Art_de_CatDecember 21, 2011

I don't understand why there is a third split.  Much less why it is called Link Fails to stop Ganon. Ganon was stopped and sealed in the dark world.  He never fully opens the doorway to escape, but just a part of him as Aghanim is able to to undo the seal.  Once that mess is settled, he is not resealed.  Maybe they could do a game inbetween ALTTP and Zelda 1 to explain how he gets out and gets the triforce of power again, and why they had to hide the triforce of courage the way they did. 

Ian SaneDecember 21, 2011

This whole thing also suggests that it's so easier and safer to go with sequels.  If you just make each game/movie/book go chronologically in the same order they are released in, it is much easier to avoid introducing plot holes or having to "fit" stories in the middle.  It's so much easier to answer "what happens next?" then to answer "what happened then?"

Metroid worked quite well when it did not have any prequels.  The first three games just go through sequentially and Metroid Fusion even works well with those original three as well if you ignore Metroid Prime.

It's even easier to do things the way Nintendo likes to and do whatever they feel like, continuity be damned.

martyDecember 21, 2011

Pretty much what I expected.  Zelda games stopped being Zelda games, as defined by the previous games, after the 16 bit era.

PlugabugzDecember 21, 2011

So it's official, The Legend of Zelda is basically Fringe but with a third universe.

Prequel and interquels are always messy. Look at Star Trek Enterprise (creatively limited knowing it has to explain its setup being chronologically before everything else). If you planned the story going forward you can jump back along it, but Nintendo obviously hasn't and mishmash it in to make sense.

Mop it upDecember 21, 2011

At this point, I think Nintendo would be better off leaving the timeline up to the imagination of the fans. After so many games, most people have built up a certain idea of what the timeline is like, and no matter what Nintendo come up with, it won't match up to what a majority of people are thinking. Since they focus on gameplay first and the story usually takes a backseat to everything else, just let people wonder instead of trying to make everything fit in some silly way that won't make sense no matter what.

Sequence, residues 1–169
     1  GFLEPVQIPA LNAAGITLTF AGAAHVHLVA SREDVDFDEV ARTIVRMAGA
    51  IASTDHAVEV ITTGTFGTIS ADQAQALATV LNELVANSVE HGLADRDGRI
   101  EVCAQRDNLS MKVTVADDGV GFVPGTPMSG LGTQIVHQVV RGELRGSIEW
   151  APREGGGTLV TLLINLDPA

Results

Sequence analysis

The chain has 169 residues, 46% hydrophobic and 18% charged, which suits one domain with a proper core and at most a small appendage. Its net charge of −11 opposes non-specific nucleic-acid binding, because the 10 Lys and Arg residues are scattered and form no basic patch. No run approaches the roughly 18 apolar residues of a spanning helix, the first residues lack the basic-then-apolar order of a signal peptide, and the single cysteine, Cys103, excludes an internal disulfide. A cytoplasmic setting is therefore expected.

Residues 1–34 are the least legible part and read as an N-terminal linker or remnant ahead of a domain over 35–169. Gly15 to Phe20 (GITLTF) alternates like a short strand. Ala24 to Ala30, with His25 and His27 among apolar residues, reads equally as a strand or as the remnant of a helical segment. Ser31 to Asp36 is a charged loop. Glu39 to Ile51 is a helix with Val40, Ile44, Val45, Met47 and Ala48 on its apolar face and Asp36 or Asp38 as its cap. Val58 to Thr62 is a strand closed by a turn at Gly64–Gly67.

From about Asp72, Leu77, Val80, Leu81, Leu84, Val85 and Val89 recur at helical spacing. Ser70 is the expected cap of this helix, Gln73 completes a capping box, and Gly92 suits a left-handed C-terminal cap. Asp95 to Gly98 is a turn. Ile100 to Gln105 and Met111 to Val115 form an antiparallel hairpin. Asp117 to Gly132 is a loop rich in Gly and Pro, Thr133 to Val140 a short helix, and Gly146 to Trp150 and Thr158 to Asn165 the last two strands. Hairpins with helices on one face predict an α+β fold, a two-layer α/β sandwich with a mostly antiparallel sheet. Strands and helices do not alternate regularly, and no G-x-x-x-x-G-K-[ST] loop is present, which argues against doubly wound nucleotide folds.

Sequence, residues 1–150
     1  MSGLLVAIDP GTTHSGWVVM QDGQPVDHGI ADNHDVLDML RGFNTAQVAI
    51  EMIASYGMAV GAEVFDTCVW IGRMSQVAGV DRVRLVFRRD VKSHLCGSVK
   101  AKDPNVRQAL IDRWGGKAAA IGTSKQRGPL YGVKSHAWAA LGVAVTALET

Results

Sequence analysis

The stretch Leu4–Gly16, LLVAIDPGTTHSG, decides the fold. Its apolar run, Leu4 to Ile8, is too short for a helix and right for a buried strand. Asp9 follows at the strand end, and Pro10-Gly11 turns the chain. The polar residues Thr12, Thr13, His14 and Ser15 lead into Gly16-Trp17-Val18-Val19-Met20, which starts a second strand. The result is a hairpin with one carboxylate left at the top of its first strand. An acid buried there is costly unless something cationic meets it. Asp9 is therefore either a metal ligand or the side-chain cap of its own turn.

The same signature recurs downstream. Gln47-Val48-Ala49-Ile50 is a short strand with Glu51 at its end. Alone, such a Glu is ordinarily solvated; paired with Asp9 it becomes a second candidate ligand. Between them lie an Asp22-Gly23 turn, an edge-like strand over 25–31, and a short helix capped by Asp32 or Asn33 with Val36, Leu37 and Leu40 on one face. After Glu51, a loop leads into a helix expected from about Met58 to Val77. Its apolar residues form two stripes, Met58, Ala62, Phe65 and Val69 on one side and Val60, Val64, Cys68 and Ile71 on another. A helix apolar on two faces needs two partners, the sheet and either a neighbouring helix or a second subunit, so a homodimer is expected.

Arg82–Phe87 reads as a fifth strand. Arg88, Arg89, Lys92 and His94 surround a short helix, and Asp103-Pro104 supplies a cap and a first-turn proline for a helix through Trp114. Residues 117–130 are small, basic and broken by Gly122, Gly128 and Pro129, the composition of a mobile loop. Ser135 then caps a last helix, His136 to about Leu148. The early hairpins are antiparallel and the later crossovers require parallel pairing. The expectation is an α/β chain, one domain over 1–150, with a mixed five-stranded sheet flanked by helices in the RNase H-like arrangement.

Quote from: broodwars

It seems like Nintendo just wanted to give a reason why there's a group of games that never mention the events of Ocarina, rather than just accept that those games were made before Ocarina and leaving it at that.

Oracle of Ages and Seasons were not made before Ocarina of Time.

ThePermDecember 21, 2011

i think they are just going to keep fucking up the timeline for sake of discussion.

UncleBobRichard Cook, Guest ContributorDecember 21, 2011

This goes back to something I've been saying for awhile (and something which annoys a lot of Zelda fanatics...)... basically, there is no time line.

I truly believe that Nintendo (i.e.: Miyamoto and Co.) have a basic idea of how the games fit together - but it would never hold up to scrutiny, as there's no way to piece the games together without issues coming up (like trying to piece the Oracle games between LttP and LA, which everyone friggin' tries to do).  Additionally, it's only the time line until the next game comes out, which could effect how the "official" time line fits and works together.

Basically, Nintendo isn't going to let the idea of a "timeline" get in the way of making a good game - and the story told in that game is always going to play a second fiddle to the game play.  If someone comes up with a great idea, but it doesn't fit into the story line, they're going to shoe-horn it in.

i.e.: the timeline only exists until it's changed again.

NintendoFanboyDecember 21, 2011

proving there is no real time line, if he beats ganon, then.... if not then.... as a child... as an etc.
come on folks, its a bunch of loosely connected stand alone games except for,
OoT and MM , and wind waker, phantom hour glass.
Now can we get off the time line crap and enjoy the games.

NWR_pap64Pedro Hernandez, Contributing WriterDecember 21, 2011

Haha oh man.... Every time I think how gloriously messy the timeline for Kingdom Hearts is, I look back and realize that it isn't as awful as Zelda's own timeline.


I have said before that I think this is the product of poor writing and the fact that they likely never expected the first game to be as monumental as it is today. Really, the basic story of the first one was that you were Link, Ganon took over Hyrule, and you needed to destroy him and save Zelda.


That's it. But it is clear that after Zelda II they felt the need to justify certain things, like why Link, Zelda and Ganon are in the games despite the clearly different settings and time periods.